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Criminals warned to beware of the dogs

Hon Anne Tolley

Minister of Police

Hon Maurice Williamson

Minister of Customs

15 August 2013       Media Statement

Criminals warned to beware of the dogs

Police Minister Anne Tolley and Customs Minister Maurice Williamson say that drug detector dogs are now being trained to sniff out large amounts of currency, to target the proceeds of crime and ensure that criminals are hit hard in the pocket.

A recent trial involving two detector dogs from Police and Customs resulted in the seizure of over $350,000 in undeclared or concealed cash at Auckland International Airport, and while carrying out search warrants.

The trial was so successful that Police are now training a further seven “cash dogs” and Customs another five, for operational use around the country.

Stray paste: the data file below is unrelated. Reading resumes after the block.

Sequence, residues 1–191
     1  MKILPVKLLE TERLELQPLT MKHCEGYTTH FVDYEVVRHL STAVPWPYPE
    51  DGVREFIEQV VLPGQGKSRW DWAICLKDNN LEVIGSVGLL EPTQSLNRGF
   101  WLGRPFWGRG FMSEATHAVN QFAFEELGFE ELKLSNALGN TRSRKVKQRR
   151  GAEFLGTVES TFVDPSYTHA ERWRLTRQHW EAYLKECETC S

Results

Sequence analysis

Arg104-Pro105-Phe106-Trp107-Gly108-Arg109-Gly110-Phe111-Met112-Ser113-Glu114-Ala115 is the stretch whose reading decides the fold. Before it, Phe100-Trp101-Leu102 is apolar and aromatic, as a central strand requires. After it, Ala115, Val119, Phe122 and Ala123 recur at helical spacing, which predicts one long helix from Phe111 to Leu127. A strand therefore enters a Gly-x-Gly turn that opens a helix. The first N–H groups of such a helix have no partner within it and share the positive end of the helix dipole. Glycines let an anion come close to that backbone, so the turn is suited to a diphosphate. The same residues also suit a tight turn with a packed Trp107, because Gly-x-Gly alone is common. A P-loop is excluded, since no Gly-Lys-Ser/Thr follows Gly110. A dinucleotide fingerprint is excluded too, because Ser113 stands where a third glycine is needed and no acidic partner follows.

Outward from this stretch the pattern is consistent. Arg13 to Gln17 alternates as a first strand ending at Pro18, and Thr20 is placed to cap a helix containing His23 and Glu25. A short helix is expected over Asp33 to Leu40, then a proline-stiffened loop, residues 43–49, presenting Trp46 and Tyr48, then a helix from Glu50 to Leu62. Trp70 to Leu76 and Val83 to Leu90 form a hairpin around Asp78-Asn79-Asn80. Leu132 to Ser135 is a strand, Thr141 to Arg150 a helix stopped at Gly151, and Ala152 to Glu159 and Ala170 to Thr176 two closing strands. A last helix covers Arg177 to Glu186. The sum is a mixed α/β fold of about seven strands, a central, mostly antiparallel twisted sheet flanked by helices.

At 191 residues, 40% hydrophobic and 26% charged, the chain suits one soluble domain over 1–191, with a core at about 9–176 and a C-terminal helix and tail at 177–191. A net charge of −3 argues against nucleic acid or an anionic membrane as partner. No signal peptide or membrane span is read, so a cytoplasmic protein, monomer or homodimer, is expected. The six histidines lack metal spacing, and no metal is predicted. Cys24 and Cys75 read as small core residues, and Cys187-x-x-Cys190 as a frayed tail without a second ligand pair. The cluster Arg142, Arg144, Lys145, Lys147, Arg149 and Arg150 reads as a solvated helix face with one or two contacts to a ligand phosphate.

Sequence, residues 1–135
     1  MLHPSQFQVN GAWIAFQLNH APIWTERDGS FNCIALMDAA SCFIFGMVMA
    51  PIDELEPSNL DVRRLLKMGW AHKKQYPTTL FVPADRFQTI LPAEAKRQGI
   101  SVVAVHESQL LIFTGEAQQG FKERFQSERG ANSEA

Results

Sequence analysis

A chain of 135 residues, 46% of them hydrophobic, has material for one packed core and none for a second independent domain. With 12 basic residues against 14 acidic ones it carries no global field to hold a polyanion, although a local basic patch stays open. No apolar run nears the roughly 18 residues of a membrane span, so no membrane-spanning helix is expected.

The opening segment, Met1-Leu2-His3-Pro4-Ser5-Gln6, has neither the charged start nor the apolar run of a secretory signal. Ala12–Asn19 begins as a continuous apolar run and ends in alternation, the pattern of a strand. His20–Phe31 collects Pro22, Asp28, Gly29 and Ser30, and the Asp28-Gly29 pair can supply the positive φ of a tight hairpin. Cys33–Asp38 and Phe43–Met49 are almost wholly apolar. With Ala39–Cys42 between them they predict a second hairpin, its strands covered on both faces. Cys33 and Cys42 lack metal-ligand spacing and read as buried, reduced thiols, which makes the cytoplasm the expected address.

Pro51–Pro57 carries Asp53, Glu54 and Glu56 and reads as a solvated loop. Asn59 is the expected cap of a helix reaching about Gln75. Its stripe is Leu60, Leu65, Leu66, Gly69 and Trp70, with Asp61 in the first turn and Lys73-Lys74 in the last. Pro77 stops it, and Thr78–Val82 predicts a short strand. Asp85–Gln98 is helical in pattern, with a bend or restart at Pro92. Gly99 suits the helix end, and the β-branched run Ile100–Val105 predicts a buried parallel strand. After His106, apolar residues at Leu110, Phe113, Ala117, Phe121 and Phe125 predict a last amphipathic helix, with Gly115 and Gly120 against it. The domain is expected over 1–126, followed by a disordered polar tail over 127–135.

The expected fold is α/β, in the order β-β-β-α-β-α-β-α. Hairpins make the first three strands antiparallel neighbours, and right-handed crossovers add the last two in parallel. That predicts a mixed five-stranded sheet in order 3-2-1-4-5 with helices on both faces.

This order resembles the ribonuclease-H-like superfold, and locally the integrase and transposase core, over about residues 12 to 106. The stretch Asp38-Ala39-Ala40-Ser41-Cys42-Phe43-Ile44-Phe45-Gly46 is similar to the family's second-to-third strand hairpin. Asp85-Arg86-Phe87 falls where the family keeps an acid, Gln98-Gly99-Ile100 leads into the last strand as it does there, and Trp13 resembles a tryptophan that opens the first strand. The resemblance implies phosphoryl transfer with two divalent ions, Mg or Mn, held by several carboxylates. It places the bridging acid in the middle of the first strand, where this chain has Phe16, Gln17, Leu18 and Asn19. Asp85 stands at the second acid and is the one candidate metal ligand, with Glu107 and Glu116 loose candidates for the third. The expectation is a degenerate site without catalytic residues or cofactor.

The dual-trained dogs will be able to detect cash amounts of over $10,000, targeted at NZ, AUS and US currencies, as well as narcotics.

“These dogs and their handlers are incredibly impressive and will play an important part in our focus on bringing crime rates down even further,” says Mrs Tolley.

“They will send a powerful message to criminals that the cash profits from their crimes will be found and seized, along with any assets such as cars, boats and houses.

“Crime will not pay, and these dogs will make sure of it.”

Mr Williamson says having the dual-trained detector dogs will increase Customs effectiveness and efficiency at the border.

“The trial, during which more than $350,000 in cash was seized, has shown these dogs get results.  By training more dogs things are only going to get worse for criminals,” Mr Williamson says.

Following training, the Customs dogs will be operational in Auckland, Wellington and Christchurch.   The Police dogs will be based in Auckland, Bay of Plenty, Eastern, Wellington, Canterbury and Southern districts.

About $29.5 million in cash and assets have been forfeited by convicted criminals since the National-led Government introduced the Criminal Proceeds (Recovery) Act in December 2009.  Police currently hold restraining orders worth over $130 million.  Upon conviction, the assets are forfeited to the Crown.

ENDS

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